Globe and Mail

Boys far outrank girls in behaviour, learning problems: Statscan

Education Reporter; Source: Statistics Canada
The Globe and Mail
Wednesday, March 8, 2000

Boys account for almost two-thirds of elementary-school students receiving special education and are far more prone than girls to behavioural problems, Statistics Canada reported yesterday.

Provincial education ministers recently flagged the underperformance of boys as a problem in Canadian schools. This most recent study contributes more cause for concern.

"According to teachers, males accounted for 65 per cent of all children receiving special education because of a learning disability, 83 per cent of all children receiving special education for an emotional or behavioural problem and 76 per cent of all children receiving special education because of a problem at home," Statscan reports in its most recent Education Quarterly Review.

The survey confirmed previous findings that girls outperform boys in reading and writing in elementary school and reported that girls have better study habits.

Boys are more than twice as likely as girls to be physically aggressive toward other children, but girls are nastier in terms of gossiping behind others' backs or shunning children they are angry with, reported Statscan, which regards both types of behaviour as aggressive.

One in 10 elementary-school students receive special education because of a problem that limits their ability to do school work. Just over half of these students get help for learning disabilities and 23 per cent receive special ed for behavioural or emotional difficulties.

The majority are taught in regular classrooms, but are withdrawn for additional help in separate special-education classes. Their academic performance generally lags that of other students, but they are not stigmatized by other children for being labelled as special-ed students.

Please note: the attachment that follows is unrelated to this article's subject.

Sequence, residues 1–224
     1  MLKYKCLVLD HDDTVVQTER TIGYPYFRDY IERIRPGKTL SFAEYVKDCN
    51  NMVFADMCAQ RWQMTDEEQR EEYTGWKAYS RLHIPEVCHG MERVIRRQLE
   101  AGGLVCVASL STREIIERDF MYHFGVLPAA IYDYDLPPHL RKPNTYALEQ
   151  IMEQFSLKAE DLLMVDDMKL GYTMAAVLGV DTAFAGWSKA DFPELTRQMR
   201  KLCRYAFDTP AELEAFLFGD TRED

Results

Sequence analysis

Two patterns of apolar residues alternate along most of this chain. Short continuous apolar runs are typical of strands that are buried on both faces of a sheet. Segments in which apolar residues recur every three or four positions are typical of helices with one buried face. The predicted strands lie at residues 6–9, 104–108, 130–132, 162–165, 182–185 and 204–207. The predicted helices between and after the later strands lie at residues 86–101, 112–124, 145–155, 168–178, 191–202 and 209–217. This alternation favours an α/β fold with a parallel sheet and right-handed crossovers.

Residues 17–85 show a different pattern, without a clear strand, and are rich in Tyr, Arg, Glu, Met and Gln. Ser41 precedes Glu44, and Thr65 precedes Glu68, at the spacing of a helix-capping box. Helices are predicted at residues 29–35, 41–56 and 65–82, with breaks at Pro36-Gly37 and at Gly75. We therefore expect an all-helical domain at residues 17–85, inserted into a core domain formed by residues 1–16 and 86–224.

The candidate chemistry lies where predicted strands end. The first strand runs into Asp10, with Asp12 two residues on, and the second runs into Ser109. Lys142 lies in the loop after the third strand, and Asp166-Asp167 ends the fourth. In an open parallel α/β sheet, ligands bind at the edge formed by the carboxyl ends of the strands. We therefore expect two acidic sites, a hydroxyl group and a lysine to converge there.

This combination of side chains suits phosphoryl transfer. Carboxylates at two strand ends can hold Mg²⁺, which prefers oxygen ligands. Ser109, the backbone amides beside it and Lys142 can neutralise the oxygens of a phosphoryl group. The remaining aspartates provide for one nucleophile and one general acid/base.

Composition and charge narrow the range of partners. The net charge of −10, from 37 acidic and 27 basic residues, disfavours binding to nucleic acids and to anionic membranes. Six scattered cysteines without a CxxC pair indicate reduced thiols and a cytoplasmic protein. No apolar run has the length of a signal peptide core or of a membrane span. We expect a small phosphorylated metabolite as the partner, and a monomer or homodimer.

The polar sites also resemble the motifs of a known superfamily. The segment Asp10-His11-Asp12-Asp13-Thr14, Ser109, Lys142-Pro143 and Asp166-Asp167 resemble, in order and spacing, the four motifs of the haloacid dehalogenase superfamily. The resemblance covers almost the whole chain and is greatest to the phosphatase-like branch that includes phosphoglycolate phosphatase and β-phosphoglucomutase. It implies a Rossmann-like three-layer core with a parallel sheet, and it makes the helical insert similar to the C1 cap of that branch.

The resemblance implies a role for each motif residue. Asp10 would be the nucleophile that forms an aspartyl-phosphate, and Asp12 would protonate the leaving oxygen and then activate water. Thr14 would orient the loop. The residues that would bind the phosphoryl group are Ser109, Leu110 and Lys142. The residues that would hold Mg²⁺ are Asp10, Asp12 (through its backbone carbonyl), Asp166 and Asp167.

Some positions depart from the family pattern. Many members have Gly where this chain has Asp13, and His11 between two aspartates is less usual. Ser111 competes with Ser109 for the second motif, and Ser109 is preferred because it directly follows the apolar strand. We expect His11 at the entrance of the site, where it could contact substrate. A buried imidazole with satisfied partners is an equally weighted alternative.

"Are special-education students more socially isolated? According to parents, the answer is no."

And, despite their academic difficulties, most children who receive special education look forward to going to school: "An overwhelming percentage (81 per cent) of parents of children who received special education reported that their children often or almost always looked forward to going to school. These results are only moderately lower than those reported by parents whose children did not receive special education (88 per cent)."

Statscan found that children from single-parent homes are roughly twice as likely to receive special education as children from two-parent families, perhaps reflecting the greater financial and other stresses suffered by single-parent families.


Two-thirds of children receiving special education in elementary school are boys.

Learning disability                    51%

Emotional or behavioural problems      23%

Other problems                         22%

Home problems                          14%

Speech impairment                      12%

Intellectual or physical disability    11%

Problems with language at school        6%

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